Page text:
Robert Bevins, a toxicologist and president of Kentuckians for Science Education, an advocacy group formed in February in part to push for the adoption of the standards, says that he is gearing up for a hard fight. “Kentucky has a love–hate relationship with science,” he says, noting that the state has a thriving coal industry that has opposed greenhouse-gas regulations and is also home to the Creation Museum near Petersburg.
Richard Innes, an education analyst with the conservative Bluegrass Institute for Public Policy Solutions in Lexington, Kentucky, predicts that the guidelines will be sent back to the state education board for revision after the public hearing this month. But ultimately, he says, “I think the science standards will go through."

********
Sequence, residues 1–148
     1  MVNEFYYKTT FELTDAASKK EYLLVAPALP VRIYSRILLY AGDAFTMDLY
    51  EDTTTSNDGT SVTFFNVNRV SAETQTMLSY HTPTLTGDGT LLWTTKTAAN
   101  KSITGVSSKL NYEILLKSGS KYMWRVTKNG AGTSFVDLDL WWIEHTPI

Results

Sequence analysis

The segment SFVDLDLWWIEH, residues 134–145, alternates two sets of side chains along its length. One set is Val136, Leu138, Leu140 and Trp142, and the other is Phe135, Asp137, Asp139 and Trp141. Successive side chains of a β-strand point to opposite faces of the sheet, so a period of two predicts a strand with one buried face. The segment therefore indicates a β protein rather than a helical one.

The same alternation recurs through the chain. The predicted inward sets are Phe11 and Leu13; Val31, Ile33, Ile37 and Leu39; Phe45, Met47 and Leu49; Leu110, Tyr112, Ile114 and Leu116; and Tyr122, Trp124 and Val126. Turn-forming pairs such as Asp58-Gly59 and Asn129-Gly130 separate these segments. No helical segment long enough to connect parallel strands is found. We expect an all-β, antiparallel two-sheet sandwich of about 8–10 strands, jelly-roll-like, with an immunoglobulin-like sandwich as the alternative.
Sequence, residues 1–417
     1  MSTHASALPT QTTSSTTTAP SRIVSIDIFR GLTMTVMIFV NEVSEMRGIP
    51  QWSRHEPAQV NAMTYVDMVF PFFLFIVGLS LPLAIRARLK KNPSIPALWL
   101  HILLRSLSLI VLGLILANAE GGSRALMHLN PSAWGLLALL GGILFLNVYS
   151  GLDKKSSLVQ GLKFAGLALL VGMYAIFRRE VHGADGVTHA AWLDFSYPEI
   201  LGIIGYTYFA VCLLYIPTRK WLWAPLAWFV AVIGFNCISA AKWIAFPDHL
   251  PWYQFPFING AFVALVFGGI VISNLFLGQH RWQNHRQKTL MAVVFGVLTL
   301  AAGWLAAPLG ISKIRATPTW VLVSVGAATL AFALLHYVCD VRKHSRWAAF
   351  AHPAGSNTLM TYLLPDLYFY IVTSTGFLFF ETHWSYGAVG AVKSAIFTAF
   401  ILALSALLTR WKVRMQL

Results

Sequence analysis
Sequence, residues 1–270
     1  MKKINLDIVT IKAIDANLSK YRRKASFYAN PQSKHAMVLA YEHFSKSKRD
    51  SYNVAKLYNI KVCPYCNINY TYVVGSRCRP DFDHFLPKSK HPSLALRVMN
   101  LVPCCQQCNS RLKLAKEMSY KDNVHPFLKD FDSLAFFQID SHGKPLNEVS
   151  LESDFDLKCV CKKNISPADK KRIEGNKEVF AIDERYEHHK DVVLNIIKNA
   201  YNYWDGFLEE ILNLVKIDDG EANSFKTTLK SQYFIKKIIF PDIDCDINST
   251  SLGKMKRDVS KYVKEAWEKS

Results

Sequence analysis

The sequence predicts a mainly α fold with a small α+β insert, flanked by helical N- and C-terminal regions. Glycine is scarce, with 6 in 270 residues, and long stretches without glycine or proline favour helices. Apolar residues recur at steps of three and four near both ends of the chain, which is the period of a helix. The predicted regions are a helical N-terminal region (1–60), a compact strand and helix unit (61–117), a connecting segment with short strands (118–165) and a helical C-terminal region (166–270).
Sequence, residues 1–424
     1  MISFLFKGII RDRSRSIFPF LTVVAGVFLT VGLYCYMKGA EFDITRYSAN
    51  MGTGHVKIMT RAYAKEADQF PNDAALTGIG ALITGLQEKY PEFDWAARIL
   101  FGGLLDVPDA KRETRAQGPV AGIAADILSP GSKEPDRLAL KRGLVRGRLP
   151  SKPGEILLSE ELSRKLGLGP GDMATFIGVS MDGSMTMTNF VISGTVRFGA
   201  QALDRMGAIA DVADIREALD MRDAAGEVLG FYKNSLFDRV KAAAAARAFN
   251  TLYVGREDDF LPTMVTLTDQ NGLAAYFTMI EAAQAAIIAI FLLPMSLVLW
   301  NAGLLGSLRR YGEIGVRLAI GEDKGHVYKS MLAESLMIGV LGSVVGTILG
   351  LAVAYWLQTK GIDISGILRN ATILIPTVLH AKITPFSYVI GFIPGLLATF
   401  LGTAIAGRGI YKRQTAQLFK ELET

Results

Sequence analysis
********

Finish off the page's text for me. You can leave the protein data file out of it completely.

This article is reproduced with permission from the magazine Nature. The article was first published on July 3, 2013.